Senator Kamala Harris (Photo by SAUL LOEB/AFP via Getty Images)

“Tell me who you walk with, and I’ll tell you who you are,” proclaimed the first bilingual Spanish and English campaign ad by Democrat Joe Biden after he announced his running mate would be senator Kamala Harris.

“An ally, a champion of the Latino community,” the ad said of the vice presidential hopeful.

A woman of color and daughter of immigrants, Harris can whip up enthusiasm among Latino voters, many of whom are turned off president Donald Trump.

For the first time, people with roots in Latin America will be the largest minority bloc in the US presidential election, with an estimated 32 million eligible voters, or 13.3 percent of the total, according to the Pew Institute.

In 2018 elections, when Trump’s Republican Party lost control of the House of Representatives, 69 percent of Latino votes went to Democrats.

Christine Marie Sierra, professor emeritus of political science at the University of New Mexico, told AFP that Latino voters were already inclined to back the Democrats, but Harris “may change the enthusiasm level, which then translates into higher voting rates, which then translates to possible wins in a close election.”

A recent poll showed that 59 percent of Latino voters in key battleground states were fired up about Harris’s selection as running mate, and 52 percent said her name on the ticket made them more likely to vote for 77-year-old former vice president Biden.

“Harris’s selection is an opportunity for Biden to capitalize on the Latino vote and mobilize young Latino voters,” said Anais Lopez, an analyst for Latino Decisions, which conducted the poll.

Harris, the daughter of a Jamaican father and Indian mother, would be the first woman and the first person of color to occupy the office of vice president if Biden wins on November 3.

Immigration issues

Trump, under fire for his chaotic response to the coronavirus pandemic and the economic crash it caused, has returned to his anti-immigration crusade to pump up his base and push for another term.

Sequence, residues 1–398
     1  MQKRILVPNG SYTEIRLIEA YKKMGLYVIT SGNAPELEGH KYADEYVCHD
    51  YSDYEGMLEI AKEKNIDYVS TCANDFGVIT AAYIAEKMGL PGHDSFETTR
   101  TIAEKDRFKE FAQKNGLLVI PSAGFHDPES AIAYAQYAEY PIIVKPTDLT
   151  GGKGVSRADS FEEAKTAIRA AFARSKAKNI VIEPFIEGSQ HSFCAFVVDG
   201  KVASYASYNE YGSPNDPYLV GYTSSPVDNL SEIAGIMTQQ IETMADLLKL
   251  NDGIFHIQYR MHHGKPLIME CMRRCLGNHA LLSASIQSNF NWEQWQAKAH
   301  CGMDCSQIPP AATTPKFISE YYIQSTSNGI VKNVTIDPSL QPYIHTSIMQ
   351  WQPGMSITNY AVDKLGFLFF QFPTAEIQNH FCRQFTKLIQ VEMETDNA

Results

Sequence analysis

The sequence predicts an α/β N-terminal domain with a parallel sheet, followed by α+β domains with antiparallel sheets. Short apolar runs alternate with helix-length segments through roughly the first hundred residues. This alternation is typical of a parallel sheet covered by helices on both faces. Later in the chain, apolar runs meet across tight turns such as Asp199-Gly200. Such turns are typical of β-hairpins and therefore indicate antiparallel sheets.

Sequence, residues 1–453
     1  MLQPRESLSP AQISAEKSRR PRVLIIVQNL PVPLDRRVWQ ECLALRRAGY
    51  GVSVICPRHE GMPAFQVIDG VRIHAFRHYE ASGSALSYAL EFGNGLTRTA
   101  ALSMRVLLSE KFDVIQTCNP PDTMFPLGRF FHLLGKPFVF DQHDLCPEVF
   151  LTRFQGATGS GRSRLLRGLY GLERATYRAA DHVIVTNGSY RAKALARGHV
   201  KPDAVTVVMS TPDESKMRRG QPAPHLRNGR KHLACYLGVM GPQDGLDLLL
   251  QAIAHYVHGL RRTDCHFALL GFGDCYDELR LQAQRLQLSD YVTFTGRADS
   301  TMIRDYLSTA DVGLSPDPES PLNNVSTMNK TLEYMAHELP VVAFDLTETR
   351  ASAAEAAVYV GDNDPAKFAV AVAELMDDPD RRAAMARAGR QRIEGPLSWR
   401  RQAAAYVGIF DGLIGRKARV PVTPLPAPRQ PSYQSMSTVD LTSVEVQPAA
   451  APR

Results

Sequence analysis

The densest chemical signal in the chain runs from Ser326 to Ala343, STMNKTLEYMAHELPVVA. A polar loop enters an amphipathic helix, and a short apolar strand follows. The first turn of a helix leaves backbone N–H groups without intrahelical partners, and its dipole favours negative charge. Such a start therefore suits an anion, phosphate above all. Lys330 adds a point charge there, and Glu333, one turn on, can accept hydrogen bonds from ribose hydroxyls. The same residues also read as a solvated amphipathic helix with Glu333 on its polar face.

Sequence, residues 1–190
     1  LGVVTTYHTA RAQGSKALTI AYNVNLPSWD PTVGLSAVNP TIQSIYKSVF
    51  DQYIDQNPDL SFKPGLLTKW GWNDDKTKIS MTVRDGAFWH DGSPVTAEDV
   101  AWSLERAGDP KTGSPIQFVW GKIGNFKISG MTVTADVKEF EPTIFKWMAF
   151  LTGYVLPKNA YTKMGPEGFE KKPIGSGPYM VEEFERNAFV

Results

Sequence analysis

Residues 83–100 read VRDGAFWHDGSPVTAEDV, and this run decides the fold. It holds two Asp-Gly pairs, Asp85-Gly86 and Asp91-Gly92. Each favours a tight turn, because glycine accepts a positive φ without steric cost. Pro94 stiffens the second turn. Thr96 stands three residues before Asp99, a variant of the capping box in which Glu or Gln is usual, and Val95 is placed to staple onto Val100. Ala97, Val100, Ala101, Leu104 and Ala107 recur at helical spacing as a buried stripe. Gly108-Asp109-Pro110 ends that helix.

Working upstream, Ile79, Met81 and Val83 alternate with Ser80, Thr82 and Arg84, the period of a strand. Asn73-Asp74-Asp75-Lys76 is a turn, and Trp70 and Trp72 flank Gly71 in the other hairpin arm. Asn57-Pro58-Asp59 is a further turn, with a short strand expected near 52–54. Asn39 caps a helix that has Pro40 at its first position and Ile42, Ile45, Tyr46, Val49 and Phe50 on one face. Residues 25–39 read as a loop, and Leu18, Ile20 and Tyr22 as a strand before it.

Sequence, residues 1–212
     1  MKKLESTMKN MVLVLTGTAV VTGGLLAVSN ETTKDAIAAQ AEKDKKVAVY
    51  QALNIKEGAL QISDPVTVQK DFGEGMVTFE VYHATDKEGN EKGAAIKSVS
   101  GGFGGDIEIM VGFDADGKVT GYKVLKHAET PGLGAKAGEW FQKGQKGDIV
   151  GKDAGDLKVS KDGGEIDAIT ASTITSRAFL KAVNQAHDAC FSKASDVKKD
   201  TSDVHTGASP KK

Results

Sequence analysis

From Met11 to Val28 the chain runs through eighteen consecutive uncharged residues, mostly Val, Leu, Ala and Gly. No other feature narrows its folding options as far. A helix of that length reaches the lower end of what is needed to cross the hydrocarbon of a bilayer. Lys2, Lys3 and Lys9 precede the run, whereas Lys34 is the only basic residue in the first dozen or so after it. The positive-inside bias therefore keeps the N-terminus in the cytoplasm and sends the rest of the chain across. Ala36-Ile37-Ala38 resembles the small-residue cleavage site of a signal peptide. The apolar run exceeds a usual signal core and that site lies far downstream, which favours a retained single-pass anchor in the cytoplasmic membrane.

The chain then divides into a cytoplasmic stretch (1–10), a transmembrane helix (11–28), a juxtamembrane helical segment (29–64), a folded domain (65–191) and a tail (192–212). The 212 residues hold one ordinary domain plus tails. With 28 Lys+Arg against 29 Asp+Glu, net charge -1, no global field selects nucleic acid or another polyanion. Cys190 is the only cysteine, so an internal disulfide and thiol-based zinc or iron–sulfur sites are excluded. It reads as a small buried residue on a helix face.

“He doesn’t see immigrants as humans,” said Juan Escalante, a Venezuela activist covered by DACA, a program set up by former president Barack Obama to regularize the immigration status of hundreds of thousands of people who had arrived in the US illegally as children.

Trump has tried to scrap the program.

Biden has undergone close scrutiny of his role overseeing the Obama administration’s deportation of almost three million undocumented migrants, which has led some critics to call him the “deporter in chief.”

“His record on immigration may not be the best, but today he is showing people that he is trying to put forward real solutions and solve past errors,” said Escalante, a political scientist.

In the Democratic primaries, progressive Bernie Sanders garnered more support from Latinos, in part because he proposed ending deportations and getting rid of the much-feared immigration police, ICE.

Biden, a moderate, did not go that far, but he has promised to protect DACA, push legislation to legalize the status of some 11 million undocumented migrants and reverse harsh asylum rules set up by Trump, which limit intake and obliges applicants to wait in Mexico while their claims are processed.

“Stopping the Trump agenda would be enough to get the Latino vote for Biden, Harris,” Sierra said.

Aggressive Florida campaign

In 2016, Trump won 30 percent of Latino voters, mostly Cuban Americans, who tend to vote Republican, but also military veterans and Central American evangelicals. Many of these groups are concentrated in the key battleground state of Florida.

Christian Ulvert, a Democratic Party strategist in Miami, said his party was nevertheless winning over younger Cuban Americans, as well as Colombian immigrants and the large numbers of Puerto Ricans who moved to Florida after their home island was devastated by Hurricane Maria in 2017.

Ulvert said that with many voters undecided, his party was planning an “aggressive” campaign and that Harris is “a great asset.”

Her record as a senator “fighting for access to health care, fighting for immigration reform and justice for our immigrant families, carries a lot of weight with Hispanic voters,” he said.

The issue of Venezuela looms large among some Latino voters in Florida, and Trump has dubbed the country’s Socialist leader Nicolas Maduro a dictator.

Harris has echoed that language and even promised to offer Venezuelans sheltering in the United States permission to stay while their country remains mired in political and economic chaos.

She has stopped short however of backing the military intervention that many Venezuelan hardliners in Florida are calling for, and which they think Trump may ultimately support.